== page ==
However, before I offer my final amen on these words from the gospel, I am struck by something in this passage that I never noticed before. In the very last verses, in the story of the man going on a journey and leaving his slaves in charge, there is a foreshadowing of the passion to come. In verse 35, Mark refers to the four watches of the night. The first watch is in the evening, the second, midnight, the third at cockcrow, and the fourth at dawn. Jesus shares his last supper with the disciples in the evening. He prays in the garden at Gethsemane and begs the disciples to stay awake with him, but it is the middle of the night. Just as Jesus predicted, Peter denies him by the second cockcrow. When morning comes, Jesus is betrayed and arrested.
Why is this significant outside of a literary device to alert us to Jesus’ betrayal and crucifixion? It seems to me that in the moment of Jesus’ death on the cross, when even the sun’s rays were overcome and the world was cast into darkness and the curtain of the temple was ripped in two, that the fullness of God’s love for his broken creation burst forth and washed over the entire world. It was an ending, but it was also a beginning.
That doesn’t make his death any less horrific, but this end and this beginning reminds us that when God was born into our midst, God cast his lot with every aspect of being human. God suffered the pangs of birth. God suffered the pains of death. So when we hear these words of the end times, perhaps it’s not so much about chaos and destruction, but about the boundaries between God and us being finally and completely and forever more struck down. Are these times that Jesus tells his disciples of cataclysmic? Yes. But I don’t think it’s a warning of just a terrible end. I think that it is ultimately a prediction of a good end; a good end that opens wide the gates to a new and glorious beginning.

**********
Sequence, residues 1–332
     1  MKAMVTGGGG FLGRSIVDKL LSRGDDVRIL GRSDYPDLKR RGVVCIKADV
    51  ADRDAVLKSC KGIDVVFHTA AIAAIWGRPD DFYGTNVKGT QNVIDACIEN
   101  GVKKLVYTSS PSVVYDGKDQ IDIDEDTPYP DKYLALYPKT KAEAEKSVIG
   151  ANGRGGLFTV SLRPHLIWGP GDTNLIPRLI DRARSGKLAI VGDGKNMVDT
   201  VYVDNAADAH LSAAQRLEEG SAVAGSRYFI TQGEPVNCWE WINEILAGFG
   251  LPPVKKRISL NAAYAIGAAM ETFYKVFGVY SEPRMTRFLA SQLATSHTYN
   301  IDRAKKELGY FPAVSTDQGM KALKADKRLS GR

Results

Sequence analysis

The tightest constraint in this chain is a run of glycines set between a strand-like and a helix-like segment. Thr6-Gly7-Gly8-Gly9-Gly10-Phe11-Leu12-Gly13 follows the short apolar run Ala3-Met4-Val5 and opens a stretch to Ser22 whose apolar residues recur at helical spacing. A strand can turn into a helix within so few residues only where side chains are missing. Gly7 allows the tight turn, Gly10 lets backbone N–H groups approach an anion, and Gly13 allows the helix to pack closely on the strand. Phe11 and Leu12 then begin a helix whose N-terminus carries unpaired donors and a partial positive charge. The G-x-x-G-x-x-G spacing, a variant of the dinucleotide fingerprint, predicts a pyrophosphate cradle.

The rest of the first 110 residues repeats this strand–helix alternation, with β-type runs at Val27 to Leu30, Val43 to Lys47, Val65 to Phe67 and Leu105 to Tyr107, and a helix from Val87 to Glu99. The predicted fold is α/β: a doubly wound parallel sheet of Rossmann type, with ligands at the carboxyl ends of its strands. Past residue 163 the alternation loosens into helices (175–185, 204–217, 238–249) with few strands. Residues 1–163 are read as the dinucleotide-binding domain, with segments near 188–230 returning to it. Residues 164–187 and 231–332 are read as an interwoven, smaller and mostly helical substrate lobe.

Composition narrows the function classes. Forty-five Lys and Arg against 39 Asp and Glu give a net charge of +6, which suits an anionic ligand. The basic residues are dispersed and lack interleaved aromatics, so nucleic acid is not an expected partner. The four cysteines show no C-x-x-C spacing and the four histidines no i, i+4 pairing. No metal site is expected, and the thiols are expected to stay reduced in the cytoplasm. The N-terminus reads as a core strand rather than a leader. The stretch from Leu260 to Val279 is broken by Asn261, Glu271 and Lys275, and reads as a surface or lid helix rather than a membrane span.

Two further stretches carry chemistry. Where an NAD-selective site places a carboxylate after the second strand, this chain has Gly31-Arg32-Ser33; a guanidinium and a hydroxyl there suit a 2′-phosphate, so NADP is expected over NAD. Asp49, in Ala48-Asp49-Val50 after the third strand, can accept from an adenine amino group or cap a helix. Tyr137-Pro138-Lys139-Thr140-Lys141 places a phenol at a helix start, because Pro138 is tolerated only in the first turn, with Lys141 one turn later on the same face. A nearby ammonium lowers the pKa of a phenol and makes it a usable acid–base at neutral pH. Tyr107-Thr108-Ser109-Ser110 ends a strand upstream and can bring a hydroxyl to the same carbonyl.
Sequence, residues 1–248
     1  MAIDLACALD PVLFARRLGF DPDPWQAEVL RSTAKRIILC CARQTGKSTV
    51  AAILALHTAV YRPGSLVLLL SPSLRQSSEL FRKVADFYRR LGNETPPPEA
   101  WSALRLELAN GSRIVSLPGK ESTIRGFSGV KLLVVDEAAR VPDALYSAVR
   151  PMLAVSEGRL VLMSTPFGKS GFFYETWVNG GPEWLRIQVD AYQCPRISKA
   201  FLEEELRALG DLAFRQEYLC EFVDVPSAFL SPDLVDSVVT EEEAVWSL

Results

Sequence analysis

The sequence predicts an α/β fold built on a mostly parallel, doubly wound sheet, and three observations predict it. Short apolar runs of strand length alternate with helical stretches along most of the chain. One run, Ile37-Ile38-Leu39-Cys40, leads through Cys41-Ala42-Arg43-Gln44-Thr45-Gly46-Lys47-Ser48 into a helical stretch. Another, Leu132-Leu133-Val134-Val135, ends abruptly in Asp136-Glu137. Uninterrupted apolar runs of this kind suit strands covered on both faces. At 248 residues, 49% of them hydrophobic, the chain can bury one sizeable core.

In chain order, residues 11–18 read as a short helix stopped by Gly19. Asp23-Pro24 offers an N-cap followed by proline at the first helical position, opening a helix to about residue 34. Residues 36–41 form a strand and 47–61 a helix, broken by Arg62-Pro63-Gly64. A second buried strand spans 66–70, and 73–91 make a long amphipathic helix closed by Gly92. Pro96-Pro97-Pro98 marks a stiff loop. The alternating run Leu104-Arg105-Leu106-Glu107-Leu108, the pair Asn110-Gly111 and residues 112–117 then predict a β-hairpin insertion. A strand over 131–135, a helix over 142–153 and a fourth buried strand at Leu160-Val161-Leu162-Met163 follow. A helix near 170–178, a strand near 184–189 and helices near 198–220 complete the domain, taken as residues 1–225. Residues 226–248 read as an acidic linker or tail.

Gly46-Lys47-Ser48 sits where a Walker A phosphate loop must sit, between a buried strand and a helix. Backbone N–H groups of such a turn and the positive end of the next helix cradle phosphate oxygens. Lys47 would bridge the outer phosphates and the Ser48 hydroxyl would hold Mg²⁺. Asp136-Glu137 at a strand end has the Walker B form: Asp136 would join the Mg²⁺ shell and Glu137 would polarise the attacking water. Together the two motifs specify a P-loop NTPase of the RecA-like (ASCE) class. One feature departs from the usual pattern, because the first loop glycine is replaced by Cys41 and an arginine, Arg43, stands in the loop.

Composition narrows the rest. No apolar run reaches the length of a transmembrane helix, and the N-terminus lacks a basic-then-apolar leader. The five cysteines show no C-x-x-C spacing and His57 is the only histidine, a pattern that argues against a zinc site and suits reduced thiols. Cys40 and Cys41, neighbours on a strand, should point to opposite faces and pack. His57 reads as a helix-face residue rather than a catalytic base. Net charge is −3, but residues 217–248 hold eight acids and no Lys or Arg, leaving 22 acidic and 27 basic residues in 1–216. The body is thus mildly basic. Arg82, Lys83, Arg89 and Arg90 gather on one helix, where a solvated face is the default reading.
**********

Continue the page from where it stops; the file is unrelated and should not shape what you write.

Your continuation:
Isn’t this what we prepare for? Isn’t this what we wait and long and hope for? We prepare and keep watch for the return of a God who loves us enough to be born among us, to die for us, to live again so that we can fully be the people we were created to be.
A fellow pastor related a story about Martin Luther. When asked what he would do if he found out the world was ending the next day, he replied, “I would plant a tree.” Luther saw the end of this world as a reason to hope, to trust that the tree he planted would not be wiped out but have time and space to grow and thrive. May we share his hope that the second coming, the return of Christ into the world, is a good end that makes way for an even more wonderful beginning. Let us prepare for that good end with hope in our hearts. Let all of God’s children say, “Alleluia!” Amen.